Dad’s Army

Director: Oliver Parker (2016)

Don’t panic! Fans of the veteran TV series can stand at ease and enjoy this big screen adaption of the second world war sitcom.

It generally succeeds in it’s mild ambitions of providing charming entertainment and gentle laughs.

The director describes it as a celebration of the long running show and in respectful fashion the semi-skimmed sauce of the picture postcard humour is never crude or cruel.

Set in early 1944, the Daily Telegraph reading Nazi high rank send a spy codenamed Cobra, into Blighty.

Meanwhile the Walmington-on-Sea Home Guard, led by the pompous Captain Mainwaring and the diffident Sergeant Wilson, are thoroughly unprepared.

Toby Jones and Bill Nighy step into the boots of beloved actors Arthur Lowe and John Le Mesurier to breathe new life into the roles.

The top rank cast are hummed into action by the familiar theme tune alongside Tom Courtenay and Michael Gambon as Lance Corporal Jones and Private Godfrey.

Privates Pike, Walker and Frazer are also present and correct.

Catherine Zeta-Jones appears as glamorous journalist Rose Winters, who wants to write a story about the platoon.

Rose captivates the men which upsets their wives, resulting a fresh outbreak of hostilities in the battle of the sexes.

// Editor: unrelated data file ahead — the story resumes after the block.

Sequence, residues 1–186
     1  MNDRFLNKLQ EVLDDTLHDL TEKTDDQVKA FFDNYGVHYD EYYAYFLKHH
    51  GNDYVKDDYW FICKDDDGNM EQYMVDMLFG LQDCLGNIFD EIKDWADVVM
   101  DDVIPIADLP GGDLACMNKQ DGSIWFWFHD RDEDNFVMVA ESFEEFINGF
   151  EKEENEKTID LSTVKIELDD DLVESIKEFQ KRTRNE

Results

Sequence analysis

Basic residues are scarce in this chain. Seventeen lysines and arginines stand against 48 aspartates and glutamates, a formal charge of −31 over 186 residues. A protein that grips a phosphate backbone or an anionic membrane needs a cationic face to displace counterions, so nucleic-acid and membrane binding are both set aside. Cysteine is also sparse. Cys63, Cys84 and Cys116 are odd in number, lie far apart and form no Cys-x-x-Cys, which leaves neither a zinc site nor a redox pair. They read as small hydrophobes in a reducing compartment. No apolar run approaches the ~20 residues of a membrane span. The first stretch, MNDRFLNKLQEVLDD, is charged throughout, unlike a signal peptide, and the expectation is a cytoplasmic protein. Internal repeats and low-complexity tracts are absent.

Action is always just out of reach for the men, who’s sense of masculinity has already been blitzed by being unable to fight overseas with the real troops.

But as chaos predictably ensues, the opportunity arises to earn their spurs in combat.

This is as much a celebration of British nature as anything else. So there’s snobbery, curtain twitching gossips and men acting like schoolboys.

But there’s also loyalty, bravery, friendship, good humoured amateurism and a determination to does one’s bit for the greater good.

Dad’s Army is such a peculiarly British institution it would be unpatriotic not to salute as it marches on.

 

The Second Best Exotic Marigold Hotel

Director: John Madden (2015)

In this sedate comedy drama sequel, the ex-pat British residents of the Indian hotel offer comfy accommodation and make few demands on your attention.

A colourful backdrop can’t brighten up dull goings-on as familiar faces tread a predictable path over a well worn plot.

Sonny (Dev Patel) and Muriel (Maggie Smith) want to expand their hotel business by buying the Hotel Splendid. So they travel to San Diego to meet potential investors to finance the deal.

Back in Jaipur, silver haired and silver tongued American writer Guy Chambers (Richard Gere) arrives unannounced. Snobbish and insecure idiot Sonny is convinced he is a secret inspector sent by the investors to spy on their business.

Sonny is so pre-occupied with keeping Guy happy he neglects bridezilla fiancee Sunaina (Tena Desae), pushing her towards the handsome, wealthy Kushal (Shazad Latif).

Patel’s agitated playing grates rather than charms or entertains, Smith’s cockney charlady accent is inconsistent while Desae mostly spends her time dancing or scolding.

Meanwhile it’s all a little Are You Being Served? on the Costa Plonka as several hotbeds of passion are in full swing. Guy has his glad eye on Sonny’s glamorous mother Mrs. Kapoor (Lillete Dubey). Madge (Celia Imrie) is after anything in or out of trousers.